Fruitvale Station (2013)
Critic Consensus: Passionate and powerfully acted, Fruitvale Station serves as a celebration of life, a condemnation of death, and a triumph for star Michael B. Jordan.
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as Oscar Grant
as Oscar's Mother
as Officer Caruso
as Officer Ingram
as Officer Sanchez
as Mrs. Mason
as Lead Surgeon
as Officer Davidson
as BART Cop
as Female Paramedic
as Cale's Friend
as Surgical Nurse 1
as Surgical Nurse 2
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Critic Reviews for Fruitvale Station
Fruitvale Station offers no social remedies, but by recreating Grant's final hours, it actualizes him as a man, not just a rally cry.
Coogler's realistic debut recreates Grant's final day with affection, refusing to cast him as either saint or sinner.
Jordan doesn't beg for our sympathy and is all the more magnetic as a result. The finale is devastating.
There is something almost spiritual in the eerie importance that all the ordinary, banal facts of a life achieve under scrutiny, as time is running out.
Audience Reviews for Fruitvale Station
A tragic story of intolerance and injustice that sustains an ubiquitous tension right from the first scene (when we are told how it all ends) and eschews any hint of melodrama, showing Oscar as a three-dimensional person with qualities and flaws in order to remind us of the value of human life.
Michael B. Jordan excels in a sensitive portrayal of a troubled young man, unaware that his time is running out. A poignant story with simple but gripping storytelling.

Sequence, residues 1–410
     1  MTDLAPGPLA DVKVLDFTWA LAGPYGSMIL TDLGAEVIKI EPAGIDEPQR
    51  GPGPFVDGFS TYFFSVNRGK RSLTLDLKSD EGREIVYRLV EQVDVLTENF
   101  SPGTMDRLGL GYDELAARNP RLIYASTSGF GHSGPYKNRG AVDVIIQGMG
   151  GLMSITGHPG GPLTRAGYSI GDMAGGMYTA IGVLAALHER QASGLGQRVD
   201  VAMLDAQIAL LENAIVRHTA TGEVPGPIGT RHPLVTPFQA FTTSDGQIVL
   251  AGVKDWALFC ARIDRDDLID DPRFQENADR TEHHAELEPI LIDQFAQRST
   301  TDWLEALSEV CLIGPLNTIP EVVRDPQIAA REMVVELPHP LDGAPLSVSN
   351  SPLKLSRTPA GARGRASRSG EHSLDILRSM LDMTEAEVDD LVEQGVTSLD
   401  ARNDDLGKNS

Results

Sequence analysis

While racially motivated police violence isn't anything new, "Fruitvale Station" is a feature to watch in our present political climate, in lieu of ongoing protests around the country. Directed by Ryan Coogler, who won Sundance's Grand Jury Prize in Drama, "Fruitvale Station" depicts the 24 hours before Oscar Grant's death at the hands of transit police, on New Year's Day 2009. The film features actual footage from the shooting, and the protest at the BART station one year later. Jordan stars as Grant, a man who is characterized as having a troubled, often tumultuous life. Recently out of prison, fired for being late to work, and dealing marijuana on the side, Grant has all the makings of a careless criminal. Inversely Grant is a considerate and sweet natured individual who takes care of his daughter and girlfriend, loves his mother, is friendly to strangers, and hopes for a better future. These two parallels show the realities of Grant's life and personality, neither demonizing him nor canonizing him for his behavior. The film simply tries to point out that Grant was not the perpetrator of any crime, that he was unfairly treated and killed, only because of his race. Grant makes for an interesting character, his kindness interlacing with his own personal demons throughout the narrative. This film serves well as an indignant example of the unfair conventions of police brutality, than as a biopic, yet still this entertains throughout as a film. The editing is amazing, the score is poignant in its placement, the performances from Jordan, Butler, and Diaz are realistic and thoughtfully achieved, and the direction from Coogler makes for an interesting watch. The only thing keeping this from being perfect is that it is pointed, and is trying more to educate than entertain, which explains the short runtime and lack of interiority from Grant. I highly recommend this film for those grappling with present events, or for those who just want to watch a well-made, politically motivated piece of filmmaking.
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